short-term, biomass/biofuel and hybrid vehicle technologies [28] can be demonstrated to
offer a more efficient and potentially cleaner energy option for mobile applications.
Stationary power production and utilization should continue to rely on the existing
electric-grid infrastructure, with biomass implementation increasing in the short-term In
the long term, PHS and BESS show the greatest potential of non-nuclear technologies to
buffer the supply inadequacies of renewable power generation while operating with
reduced or even eventually zero net CO2 emissions. (Figure 19)
: '1-'
Tonnes 02
Equiv. Per
'~ 974-:- :::
"': ,
0' -469
- --
400 --
10-9 152 :136'
Figure 19: CO2 emission per GWh energy produced [30]. LCA relies on current CO 2
emission-rates to calculate construction / materials / maintenance emissions and will
therefore yield indeterminately lower values for future analysis, as a larger percent of
grid power can be considered to come from low to zero emission sources. (It is
important to realize that this lowest value for emissions is theoretically zero only for
nuclear power and for combinations of PV, wind, PHS and BESS systems; nuclear
power analysis will be left for later discussions.
[1] - DOE. "United States Country Analysis Brief- Energy"., 23 October 2003 [30 March 2004]
[2] - Nahmias et al, "Realizing a Hydrogen Future," Hydrogen Technolgoy Advisory Panel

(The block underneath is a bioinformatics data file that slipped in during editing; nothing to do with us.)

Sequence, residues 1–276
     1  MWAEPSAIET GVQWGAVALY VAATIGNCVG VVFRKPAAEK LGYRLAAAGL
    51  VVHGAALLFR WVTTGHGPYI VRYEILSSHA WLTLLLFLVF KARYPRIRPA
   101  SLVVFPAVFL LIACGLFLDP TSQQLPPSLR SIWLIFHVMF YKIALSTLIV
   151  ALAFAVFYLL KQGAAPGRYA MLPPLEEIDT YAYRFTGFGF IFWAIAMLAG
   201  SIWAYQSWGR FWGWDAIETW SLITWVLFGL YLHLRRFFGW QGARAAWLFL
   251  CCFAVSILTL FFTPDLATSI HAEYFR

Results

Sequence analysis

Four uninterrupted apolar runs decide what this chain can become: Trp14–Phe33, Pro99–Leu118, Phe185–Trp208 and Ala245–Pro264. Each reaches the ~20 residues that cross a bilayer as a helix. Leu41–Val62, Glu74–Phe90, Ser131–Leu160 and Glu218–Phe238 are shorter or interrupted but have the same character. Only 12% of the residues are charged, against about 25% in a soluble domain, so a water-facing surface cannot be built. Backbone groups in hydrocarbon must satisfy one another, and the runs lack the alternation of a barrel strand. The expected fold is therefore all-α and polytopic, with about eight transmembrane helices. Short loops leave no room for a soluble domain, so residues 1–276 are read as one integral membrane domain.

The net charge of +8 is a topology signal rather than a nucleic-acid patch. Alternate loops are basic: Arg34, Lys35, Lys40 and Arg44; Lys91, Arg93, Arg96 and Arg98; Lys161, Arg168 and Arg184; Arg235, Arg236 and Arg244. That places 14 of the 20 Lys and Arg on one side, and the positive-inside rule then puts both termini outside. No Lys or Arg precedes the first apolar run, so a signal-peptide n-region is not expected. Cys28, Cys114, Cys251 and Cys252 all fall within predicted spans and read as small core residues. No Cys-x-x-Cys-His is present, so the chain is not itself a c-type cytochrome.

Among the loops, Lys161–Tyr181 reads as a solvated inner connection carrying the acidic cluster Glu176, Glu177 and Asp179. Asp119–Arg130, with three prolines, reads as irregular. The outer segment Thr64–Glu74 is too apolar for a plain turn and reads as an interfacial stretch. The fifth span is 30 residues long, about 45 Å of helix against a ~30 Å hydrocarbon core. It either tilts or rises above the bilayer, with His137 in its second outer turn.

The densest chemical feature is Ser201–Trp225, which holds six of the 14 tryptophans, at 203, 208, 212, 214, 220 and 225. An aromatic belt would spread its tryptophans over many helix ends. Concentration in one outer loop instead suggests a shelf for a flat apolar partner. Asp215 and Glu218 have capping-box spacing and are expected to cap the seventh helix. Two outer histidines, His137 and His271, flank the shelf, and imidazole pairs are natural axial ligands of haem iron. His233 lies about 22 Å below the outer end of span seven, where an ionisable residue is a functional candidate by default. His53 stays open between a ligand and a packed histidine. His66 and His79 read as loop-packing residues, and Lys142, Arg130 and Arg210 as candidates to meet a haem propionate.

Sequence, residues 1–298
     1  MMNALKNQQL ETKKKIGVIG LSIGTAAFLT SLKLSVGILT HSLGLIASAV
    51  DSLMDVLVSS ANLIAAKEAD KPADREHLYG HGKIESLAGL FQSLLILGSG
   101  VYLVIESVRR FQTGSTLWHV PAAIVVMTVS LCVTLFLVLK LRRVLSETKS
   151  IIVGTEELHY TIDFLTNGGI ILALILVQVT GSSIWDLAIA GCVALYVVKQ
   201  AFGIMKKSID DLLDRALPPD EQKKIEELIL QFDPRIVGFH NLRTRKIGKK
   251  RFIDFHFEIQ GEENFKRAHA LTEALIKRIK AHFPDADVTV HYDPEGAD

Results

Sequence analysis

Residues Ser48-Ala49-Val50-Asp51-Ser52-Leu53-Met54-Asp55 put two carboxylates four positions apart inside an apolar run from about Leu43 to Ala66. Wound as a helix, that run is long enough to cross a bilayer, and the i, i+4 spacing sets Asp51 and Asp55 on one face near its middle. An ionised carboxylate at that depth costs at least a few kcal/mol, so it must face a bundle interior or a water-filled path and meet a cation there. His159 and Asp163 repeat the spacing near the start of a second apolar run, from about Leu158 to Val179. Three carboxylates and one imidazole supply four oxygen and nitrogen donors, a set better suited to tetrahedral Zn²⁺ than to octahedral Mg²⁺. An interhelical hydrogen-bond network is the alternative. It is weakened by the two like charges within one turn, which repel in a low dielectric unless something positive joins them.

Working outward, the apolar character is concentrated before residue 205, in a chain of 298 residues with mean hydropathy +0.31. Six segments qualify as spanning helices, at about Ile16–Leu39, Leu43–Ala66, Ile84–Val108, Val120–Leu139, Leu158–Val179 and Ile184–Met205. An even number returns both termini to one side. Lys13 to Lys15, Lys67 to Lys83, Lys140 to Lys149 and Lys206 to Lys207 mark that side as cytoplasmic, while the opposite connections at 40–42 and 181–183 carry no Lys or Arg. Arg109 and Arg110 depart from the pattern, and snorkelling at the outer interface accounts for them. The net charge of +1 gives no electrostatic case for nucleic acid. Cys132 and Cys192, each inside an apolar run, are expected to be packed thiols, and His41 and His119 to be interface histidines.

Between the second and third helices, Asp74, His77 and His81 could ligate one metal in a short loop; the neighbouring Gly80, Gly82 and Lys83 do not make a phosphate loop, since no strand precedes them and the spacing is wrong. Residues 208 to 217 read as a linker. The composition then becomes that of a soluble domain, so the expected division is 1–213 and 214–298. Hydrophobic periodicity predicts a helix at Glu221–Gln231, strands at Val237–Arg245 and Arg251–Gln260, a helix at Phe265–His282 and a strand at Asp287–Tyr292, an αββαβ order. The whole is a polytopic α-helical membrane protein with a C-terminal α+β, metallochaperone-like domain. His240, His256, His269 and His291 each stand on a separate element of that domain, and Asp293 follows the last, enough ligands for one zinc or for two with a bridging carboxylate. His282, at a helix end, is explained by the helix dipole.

Publication 2003 Recommendations
[3] - Santarelli, Macagno, "Hydrogen as an energy carrier in stand-alone applications based on
PV and PV-micro-hydro systems," Energy, 20 (2004)
[4] - Zumerchik, "Batteries," in McMillan Encyclopedia of Energy 1, Zumerchik ed. New York,
Ogden Publishing, 2001 pp 115-124
[5] - [Esper, J., E.R. Cook, and F.H. Schweingruber, 2002. Low frequency signals in long treering chronologies for reconstructing past temperature variability, Science, 295, 2250-2253
[6] Pat Michaels [Extinguishing Extinction Hysteria,
15d.html, (4/25/2004)
[7] - [World View of Global Warming, Gary Braasch, from Scientific American,, 25 April 2004 (30 April 2004)
[8] - Bush's State of the Union speech, 29 January 2003, (30 April 2004)
[9] - Office of Energy Efficiency and Renewable Energy. "Hydrogen Fuel.", 30 March 2004 (1 April 2004)
[10] - Energy Equivalents of Various Fuels,, 30 March 2004 (30 April
[11] - Cortright, Davda, Dumesic, "Hydrogen from catalytic reforming of biomass-derived
hydrocarbons in liquid water," Nature, 418, 29 August 2002 pp 964-966
[12] - PEM Fuel Cell
[13] - The PowerBall Concept,,
16 April 2004
[14] - DOE Hydrogen Posture Plan 2002
[15] - Bossel, Eliasson, Taylor, "The Future of the Hydrogen Economy: Bright of Bleak?,"
presented at the 2003 Fuel Cell Seminar, 2003.
[16]- Weiss et al, "Vehicles and Fuels for 2020: Assessing the Hydrogen Fuel-Cell Vehicle,"
MIT E-Lab Research Reports, January-March 2003, 1-5
[18] - Mowery, "Biofuels," in McMillan Encyclopedia of Energy 2, Zumerchik ed. New York,
Ogden Publishing, 2001 pp 1 57-166